Half of Middle East clients switched wealth managers in last three years, EY says

Ernst & Young finds a quarter of customers in the region get financial advice through apps, as digital options play a growing role

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Half of Middle East wealth management clients switched their financial advisers in the past three years, in comparison to 32 per cent globally, as they increasingly opt for digital options, according to the consultancy Ernst & Young.

A quarter of customers in the region currently receive financial advice through mobile apps, according to EY's Global Wealth Management Research 2020 survey of 2,000 clients in 26 countries. Over the next three years, 23 per cent of Middle East clients plan to switch providers, compared to 32 per cent globally.

“The movement of assets in the Middle East will slow down in the upcoming years, but there is still a strong opportunity for wealth management firms to attract assets among the Middle East client base,” said Sarah Sanders, Mena wealth and asset management leader at EY. “Clients are willing to pay for financial advice, but what they value is evolving rapidly.”

In the Middle East, 53 per cent of clients said they choose wealth managers based on digital savviness, 48 per cent are looking for advisers who are proactive and attentive and 45 per cent select those who they feel have sound judgment.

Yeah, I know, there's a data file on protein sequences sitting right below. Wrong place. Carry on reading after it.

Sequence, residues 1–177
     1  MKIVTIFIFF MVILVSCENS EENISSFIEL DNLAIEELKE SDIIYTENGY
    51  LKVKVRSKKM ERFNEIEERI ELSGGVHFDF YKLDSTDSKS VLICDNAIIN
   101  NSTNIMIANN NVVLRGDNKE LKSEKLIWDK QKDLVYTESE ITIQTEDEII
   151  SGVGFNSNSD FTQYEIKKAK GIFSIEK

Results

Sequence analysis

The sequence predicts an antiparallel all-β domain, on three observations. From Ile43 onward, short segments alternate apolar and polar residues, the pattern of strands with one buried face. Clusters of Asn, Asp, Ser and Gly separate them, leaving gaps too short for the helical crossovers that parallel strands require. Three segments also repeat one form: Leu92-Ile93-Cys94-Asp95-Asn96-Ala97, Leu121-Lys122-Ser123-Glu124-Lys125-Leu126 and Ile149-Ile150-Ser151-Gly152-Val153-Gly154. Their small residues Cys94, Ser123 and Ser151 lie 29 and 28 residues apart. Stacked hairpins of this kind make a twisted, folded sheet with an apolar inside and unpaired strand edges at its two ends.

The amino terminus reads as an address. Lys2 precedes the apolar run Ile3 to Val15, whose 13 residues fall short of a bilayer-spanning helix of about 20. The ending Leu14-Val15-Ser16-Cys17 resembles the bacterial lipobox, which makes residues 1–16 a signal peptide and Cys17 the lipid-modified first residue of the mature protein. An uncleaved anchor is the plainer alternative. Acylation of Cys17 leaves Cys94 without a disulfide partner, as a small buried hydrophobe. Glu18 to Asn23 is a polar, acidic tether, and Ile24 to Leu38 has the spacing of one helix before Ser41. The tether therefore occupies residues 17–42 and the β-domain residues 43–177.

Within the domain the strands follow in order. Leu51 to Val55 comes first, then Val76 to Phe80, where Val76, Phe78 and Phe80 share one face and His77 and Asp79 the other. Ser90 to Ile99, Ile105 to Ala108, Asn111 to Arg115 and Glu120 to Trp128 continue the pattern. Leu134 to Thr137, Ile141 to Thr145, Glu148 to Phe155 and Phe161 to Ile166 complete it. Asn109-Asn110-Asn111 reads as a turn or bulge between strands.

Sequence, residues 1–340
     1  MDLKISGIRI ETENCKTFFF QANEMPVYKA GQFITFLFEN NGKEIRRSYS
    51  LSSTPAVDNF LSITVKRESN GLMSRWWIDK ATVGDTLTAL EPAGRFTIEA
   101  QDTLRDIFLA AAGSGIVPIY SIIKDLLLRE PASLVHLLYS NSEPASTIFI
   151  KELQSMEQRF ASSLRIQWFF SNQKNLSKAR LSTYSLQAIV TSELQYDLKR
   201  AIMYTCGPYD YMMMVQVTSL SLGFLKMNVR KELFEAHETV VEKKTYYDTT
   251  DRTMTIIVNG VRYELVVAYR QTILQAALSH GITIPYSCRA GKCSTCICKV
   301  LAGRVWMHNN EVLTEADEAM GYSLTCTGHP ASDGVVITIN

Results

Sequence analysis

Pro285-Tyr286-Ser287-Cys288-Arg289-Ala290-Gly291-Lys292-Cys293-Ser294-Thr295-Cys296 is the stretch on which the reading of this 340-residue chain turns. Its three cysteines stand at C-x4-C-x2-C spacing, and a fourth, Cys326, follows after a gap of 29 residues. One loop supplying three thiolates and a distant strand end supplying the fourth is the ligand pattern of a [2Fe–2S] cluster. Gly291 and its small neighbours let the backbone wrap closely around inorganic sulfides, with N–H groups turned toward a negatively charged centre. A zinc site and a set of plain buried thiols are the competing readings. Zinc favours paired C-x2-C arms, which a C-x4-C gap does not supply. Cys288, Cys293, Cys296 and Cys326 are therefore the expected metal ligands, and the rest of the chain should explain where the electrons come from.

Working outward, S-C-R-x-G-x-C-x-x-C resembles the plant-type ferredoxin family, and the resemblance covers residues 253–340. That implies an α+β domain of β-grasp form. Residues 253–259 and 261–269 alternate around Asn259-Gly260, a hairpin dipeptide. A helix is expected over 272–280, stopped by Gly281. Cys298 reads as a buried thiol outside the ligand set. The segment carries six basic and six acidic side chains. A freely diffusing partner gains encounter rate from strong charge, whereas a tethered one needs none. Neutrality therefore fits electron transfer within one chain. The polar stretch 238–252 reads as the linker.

Customers in the region are moving away from traditional wealth management providers such as private banks and fund managers. Close to half (48 per cent) are planning to switch to brokerage firms and 40 per cent to independent advisers.

The top reasons for changing providers include: quality and reputation, products, advisory capabilities, personal attention, pricing and technology.

“The demand for digital solutions that offer 24/7 anytime, anywhere access on any device is on the rise,” Ms Sanders said. “In fact, 20 per cent of clients in the Middle East say that they would switch wealth asset management firms today for such a service.”

Nearly half (46 per cent) of clients said they highly value simple, intuitive digital processes for their investment activities, such as executing transactions, opening accounts, monitoring results, rebalancing their portfolio and learning about products and services.

“The future success of wealth management firms in the Middle East, in an increasingly high-tech sector, will be determined by their ability to keep up with the pace of change and reconfigure their digital delivery model to meet these expectations,” Ms Sanders said.

Wealth management clients are also more likely to re-evaluate and move their assets during major life events. Three quarters of clients in the region move their money when starting a new business, 73 per cent make the shift when buying a house and 60 per cent reconsider their options when inheriting or receiving money.